Purpose: Much concern has been expressed that feedback of personalized genetic risk information may lead to fatalism, i.e., a lack of perceived control over the risk. This review aimed to assess the strength of evidence for such a view.
Method: Electronic databases were searched to find eligible studies, which comprised randomized, controlled trials and analog studies, in which participants in one arm received either real or imagined personalized genetic risk information and assessed perceived control in relation to the treatability or preventability of the health problem.
Results: Inspection of 1340 abstracts resulted in 5 studies meeting the inclusion criteria, involving the prediction of obesity, heart disease, depression, and diabetes. Meta-analyses of the clinical studies revealed no impact of personalized genetic risk information on perceived control in either the short term (pooled standardized mean difference 0.09, 95% confidence interval, -0.51 to 0.70) or longer term (pooled standardized mean difference 0.00, confidence interval, -0.20 to 0.21). Similarly, no impact on perceived control was evident in the three analog studies (pooled standardized mean difference 0.02, confidence interval, -0.17 to 0.20).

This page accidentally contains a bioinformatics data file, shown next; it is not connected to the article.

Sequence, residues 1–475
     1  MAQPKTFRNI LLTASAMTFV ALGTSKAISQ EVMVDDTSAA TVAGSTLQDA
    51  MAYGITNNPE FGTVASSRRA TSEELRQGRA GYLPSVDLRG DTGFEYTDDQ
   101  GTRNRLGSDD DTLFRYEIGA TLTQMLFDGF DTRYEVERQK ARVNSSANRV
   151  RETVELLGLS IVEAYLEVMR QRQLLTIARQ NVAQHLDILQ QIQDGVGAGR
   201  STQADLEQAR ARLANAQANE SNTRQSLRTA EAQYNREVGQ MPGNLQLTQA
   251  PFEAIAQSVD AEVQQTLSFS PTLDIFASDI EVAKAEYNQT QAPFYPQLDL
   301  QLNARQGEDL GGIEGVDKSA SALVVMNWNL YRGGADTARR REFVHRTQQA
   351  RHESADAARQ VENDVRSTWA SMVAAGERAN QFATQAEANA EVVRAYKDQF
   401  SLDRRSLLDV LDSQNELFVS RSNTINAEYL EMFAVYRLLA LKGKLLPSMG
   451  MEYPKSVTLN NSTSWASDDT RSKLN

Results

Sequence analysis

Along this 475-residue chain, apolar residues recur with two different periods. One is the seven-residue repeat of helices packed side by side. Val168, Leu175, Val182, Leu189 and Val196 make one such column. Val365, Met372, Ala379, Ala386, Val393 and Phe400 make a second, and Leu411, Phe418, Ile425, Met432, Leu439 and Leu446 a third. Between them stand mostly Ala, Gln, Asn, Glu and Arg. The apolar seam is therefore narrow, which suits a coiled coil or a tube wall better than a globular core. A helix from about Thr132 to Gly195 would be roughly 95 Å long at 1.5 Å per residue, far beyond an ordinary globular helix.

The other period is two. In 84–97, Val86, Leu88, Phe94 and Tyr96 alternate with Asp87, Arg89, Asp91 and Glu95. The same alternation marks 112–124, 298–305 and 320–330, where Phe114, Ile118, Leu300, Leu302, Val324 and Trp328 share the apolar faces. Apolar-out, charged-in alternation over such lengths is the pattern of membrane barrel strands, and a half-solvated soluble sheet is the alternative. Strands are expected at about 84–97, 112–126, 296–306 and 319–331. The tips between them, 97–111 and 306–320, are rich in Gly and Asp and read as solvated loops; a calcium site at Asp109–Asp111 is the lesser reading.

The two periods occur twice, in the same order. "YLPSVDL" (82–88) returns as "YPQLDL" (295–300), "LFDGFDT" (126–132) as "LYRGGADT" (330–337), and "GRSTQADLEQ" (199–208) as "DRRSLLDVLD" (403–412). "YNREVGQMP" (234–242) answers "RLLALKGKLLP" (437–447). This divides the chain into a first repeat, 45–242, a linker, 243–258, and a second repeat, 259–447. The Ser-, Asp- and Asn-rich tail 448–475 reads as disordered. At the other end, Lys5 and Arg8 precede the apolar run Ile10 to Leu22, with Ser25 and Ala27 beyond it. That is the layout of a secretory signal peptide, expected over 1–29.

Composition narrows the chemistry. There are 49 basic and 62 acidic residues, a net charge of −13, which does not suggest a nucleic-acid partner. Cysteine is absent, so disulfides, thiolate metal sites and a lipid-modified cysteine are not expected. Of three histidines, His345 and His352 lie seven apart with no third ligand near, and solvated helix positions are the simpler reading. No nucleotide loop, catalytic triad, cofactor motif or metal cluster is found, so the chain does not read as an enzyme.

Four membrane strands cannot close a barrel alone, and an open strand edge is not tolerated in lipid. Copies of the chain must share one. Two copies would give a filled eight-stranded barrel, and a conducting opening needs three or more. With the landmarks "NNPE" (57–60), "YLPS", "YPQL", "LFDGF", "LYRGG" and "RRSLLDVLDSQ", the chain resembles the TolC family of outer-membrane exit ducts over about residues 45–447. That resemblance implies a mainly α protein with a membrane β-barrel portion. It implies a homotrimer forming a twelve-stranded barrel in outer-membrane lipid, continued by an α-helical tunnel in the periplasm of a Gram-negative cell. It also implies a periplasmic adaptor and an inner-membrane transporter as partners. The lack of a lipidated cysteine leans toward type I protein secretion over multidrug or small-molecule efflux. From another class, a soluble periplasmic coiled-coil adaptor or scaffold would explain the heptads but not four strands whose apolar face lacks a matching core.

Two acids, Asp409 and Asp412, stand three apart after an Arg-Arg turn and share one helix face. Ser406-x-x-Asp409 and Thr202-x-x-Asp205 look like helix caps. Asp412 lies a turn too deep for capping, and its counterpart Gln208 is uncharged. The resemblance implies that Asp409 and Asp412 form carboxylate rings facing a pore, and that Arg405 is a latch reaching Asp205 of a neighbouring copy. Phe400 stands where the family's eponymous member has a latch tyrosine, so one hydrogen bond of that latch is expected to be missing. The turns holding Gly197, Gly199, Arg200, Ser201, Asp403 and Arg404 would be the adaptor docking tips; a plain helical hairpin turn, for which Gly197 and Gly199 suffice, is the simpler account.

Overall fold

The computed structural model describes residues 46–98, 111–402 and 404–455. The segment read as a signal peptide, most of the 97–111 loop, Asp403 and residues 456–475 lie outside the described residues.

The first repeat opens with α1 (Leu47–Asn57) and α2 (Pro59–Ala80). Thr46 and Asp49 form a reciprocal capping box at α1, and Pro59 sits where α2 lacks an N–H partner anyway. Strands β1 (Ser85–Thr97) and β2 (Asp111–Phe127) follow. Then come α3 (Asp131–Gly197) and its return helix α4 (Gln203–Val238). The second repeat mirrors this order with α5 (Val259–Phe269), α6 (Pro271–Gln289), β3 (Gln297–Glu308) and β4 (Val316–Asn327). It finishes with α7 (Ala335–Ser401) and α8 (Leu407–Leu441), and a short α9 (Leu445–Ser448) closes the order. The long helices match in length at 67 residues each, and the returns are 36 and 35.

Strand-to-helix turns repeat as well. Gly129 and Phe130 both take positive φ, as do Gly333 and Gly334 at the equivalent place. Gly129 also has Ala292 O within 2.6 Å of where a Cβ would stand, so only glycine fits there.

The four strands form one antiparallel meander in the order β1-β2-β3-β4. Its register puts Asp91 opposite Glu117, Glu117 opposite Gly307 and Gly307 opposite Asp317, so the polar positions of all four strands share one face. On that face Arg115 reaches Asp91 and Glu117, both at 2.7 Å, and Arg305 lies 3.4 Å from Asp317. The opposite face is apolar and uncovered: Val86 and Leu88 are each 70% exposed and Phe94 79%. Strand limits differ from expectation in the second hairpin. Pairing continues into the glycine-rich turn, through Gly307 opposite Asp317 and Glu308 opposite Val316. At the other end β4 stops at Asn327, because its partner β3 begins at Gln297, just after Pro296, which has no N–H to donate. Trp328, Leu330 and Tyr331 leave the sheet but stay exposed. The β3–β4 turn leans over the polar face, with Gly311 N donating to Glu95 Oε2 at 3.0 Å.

Conclusion: Few studies have assessed empirically the impact of personalized genetic risk information on fatalism, assessed using perceptions of control over the risk. Limited evidence suggests feedback of genetic risk information may have little impact on such beliefs.